Going Pro Se: Handling Legal Problems on Your Own
It’s true, you don’t need a lawyer to handle many common legal problems, like a landlord-tenant dispute for instance. You can represent yourself in court. You can win, too, but you have to know what you’re doing and follow the rules.
- You’re a pro se litigant when you represent yourself in a legal dispute
- Thousands of people represent themselves in criminal and non-criminal matters each year
- Success-failure statistics for pro se cases are scarce, but it doesn’t matter if you know how to help yourself
Reasons & Statistics Aside, You Can Win
"Pro se" is the fancy legal term used to describe someone who’s representing themselves in a legal matter. In Latin it means "for yourself" or "on your own behalf."
Why Represent Yourself?
Everyone has their own reasons for choosing not to hire a lawyer. Some simply don’t think that lawyers have their clients’ best interests in mind – they’re only interested in getting paid or finishing a case as quickly as possible. Most pro se litigants, however, can’t afford to hire a lawyer.
There has been an increase in the number of pro se cases in recent years because the increased accessibility of information has empowered people to take control of their own legal needs.
Keep in mind, too, that small claims courts across the US handle a lot of legal problems (usually ones involving $2,500 or less). These courts are designed to help people settle their disputes without the added expense of attorney’s fees. In some states, attorneys aren’t allowed to represent clients in small claims court, so of course these litigants must go pro se.
Track Records for Pro Se Litigants
There are thousands of federal, state and local courts across the country. Thousands of lawsuits are handled every day. It’s not surprising, then, that there really aren’t any hard statistics on things like:
- How many pro se cases don’t make it to the courtroom
- Who wins more often, the plaintiff (the person who filed the suit) or the defendant – the person who was sued
However, some statistics are available, but they’re usually several years old. For example:
- Some states collect the number and type (PDF) of pro se cases filed in various courts, but no other stats are given
- According to 2004 information from the Department of Justice (PDF), only 10 percent of undocumented aliens in immigration appeal cases were successful (there was a 40 percent success rate when undocumented immigrants are represented by lawyers)
- Taxpayers representing themselves in disputes with the IRS often fare well, but again, not as well as those represented by lawyers
Even with lawyers, many cases don’t get heard by judges for a variety of reasons – the case settles, the case falls apart, etc. If you’re representing yourself and your case doesn’t make it in front of a judge, don’t assume it’s because you’re representing yourself.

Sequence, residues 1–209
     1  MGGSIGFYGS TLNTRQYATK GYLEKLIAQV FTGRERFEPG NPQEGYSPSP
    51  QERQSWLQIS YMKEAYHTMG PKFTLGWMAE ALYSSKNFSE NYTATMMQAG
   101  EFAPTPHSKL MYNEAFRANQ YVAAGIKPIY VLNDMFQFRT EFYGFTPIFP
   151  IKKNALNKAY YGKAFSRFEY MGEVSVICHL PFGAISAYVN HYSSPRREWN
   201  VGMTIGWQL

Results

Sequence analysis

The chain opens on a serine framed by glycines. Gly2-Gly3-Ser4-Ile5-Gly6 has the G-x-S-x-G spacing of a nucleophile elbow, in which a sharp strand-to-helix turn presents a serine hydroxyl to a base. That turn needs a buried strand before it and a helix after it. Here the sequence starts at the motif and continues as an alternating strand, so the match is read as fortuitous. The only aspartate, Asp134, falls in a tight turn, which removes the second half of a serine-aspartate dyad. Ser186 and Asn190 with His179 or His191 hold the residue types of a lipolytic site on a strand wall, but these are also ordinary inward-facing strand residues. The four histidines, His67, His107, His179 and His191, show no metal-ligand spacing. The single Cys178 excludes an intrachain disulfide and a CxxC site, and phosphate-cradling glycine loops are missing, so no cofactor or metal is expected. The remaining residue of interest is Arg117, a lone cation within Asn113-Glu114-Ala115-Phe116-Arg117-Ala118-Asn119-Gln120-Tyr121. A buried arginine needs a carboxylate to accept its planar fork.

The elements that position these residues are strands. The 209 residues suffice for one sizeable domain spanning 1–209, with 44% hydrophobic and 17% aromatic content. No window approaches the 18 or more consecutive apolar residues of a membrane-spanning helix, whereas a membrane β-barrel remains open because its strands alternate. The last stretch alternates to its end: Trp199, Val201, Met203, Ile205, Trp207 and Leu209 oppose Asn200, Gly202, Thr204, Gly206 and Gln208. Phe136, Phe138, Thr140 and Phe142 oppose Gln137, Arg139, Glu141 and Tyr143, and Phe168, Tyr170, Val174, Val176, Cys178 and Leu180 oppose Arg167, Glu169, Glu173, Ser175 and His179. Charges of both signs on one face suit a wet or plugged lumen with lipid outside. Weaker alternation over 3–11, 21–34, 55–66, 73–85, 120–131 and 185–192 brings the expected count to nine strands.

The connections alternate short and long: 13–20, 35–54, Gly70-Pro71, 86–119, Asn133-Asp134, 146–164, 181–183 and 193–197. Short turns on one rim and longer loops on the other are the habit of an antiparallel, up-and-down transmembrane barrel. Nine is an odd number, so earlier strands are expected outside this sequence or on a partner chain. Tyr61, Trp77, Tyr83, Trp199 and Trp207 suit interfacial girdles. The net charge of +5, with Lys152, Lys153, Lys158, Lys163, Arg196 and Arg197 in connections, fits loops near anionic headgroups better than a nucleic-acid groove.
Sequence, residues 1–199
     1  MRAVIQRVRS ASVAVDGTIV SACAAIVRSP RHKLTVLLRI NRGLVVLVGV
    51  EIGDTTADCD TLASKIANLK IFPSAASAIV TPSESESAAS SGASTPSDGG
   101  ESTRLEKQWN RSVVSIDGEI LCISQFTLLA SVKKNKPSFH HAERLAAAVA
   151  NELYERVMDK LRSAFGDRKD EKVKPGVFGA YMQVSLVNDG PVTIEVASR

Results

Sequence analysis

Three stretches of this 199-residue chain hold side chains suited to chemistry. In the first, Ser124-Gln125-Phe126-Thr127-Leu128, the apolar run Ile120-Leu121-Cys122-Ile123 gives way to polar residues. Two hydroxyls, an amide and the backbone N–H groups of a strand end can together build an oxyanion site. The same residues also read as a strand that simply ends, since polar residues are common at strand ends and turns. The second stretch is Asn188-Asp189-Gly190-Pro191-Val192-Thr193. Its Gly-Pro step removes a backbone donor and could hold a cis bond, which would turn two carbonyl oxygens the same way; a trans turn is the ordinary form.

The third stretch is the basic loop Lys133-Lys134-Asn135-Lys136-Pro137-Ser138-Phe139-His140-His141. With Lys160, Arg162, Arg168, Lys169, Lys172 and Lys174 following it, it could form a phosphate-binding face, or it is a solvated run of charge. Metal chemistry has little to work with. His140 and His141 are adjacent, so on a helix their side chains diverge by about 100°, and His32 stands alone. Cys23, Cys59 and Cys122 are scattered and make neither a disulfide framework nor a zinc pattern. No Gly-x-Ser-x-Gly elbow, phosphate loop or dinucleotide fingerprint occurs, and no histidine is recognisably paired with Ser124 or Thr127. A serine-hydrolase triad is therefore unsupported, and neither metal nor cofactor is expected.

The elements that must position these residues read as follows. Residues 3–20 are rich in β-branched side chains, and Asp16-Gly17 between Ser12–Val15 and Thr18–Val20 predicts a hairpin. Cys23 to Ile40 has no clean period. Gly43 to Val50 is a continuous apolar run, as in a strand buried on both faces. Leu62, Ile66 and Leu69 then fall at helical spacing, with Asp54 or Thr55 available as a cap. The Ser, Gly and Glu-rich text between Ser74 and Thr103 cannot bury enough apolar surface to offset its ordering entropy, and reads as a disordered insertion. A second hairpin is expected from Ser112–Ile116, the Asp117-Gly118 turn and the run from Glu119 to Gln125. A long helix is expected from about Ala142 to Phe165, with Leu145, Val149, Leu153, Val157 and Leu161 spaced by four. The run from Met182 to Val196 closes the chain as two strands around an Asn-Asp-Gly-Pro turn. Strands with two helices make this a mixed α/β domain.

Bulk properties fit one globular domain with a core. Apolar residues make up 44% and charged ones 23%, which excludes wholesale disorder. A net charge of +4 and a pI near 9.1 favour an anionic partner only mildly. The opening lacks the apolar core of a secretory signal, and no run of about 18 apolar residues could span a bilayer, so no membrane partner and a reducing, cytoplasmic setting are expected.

You Can Represent Yourself & Win
Reasons why and statistics don’t mean much if you take your pro se case seriously and give it the time and attention it needs. Pro se litigants lose, and sometimes lose before they see the inside of a courtroom, for all sorts of reasons. But mainly, it’s because, unlike lawyers, they usually don’t understand all the rules, processes and procedures involved in lawsuits.
For instance, no matter what type of case you’re involved in:
- All sorts of papers have to be filled out properly and filed with the court by certain dates, with copies sent to the other side by a certain date
- A case has to be filed within a certain amount of time (called the statute of limitations)
- If you don’t show up for a hearing or the trial, the odds are you’ll lose the case
- You have to follow certain rules before you can use pictures, documents, sound recordings and other kinds of evidence to prove your case
Those are just a few of the things you need to handle; there are dozens of other things that will doom your case if they’re not done the right way.
What You Can Do
Here are some things you can do to help you win the case:
- Don’t assume you can’t afford a lawyer. Call a legal aid society in your community to see if you can get some free or low-cost legal help
- Check out the web site for the court where your case is being heard. Many courts put legal forms, court rules and other valuable tools right at your finger tips
- Find a law library in your area or an online legal resource (like Lawyers.com) so you can do research for your case
- Whether you’re online or in a library, read the laws, rules and processes very carefully. It will take time, and the materials aren’t always easy to understand, but it’s the key to winning your case
You deserve your day in court and the chance to protect your legal rights. You can represent yourself and be successful so long as you know and follow the rules.
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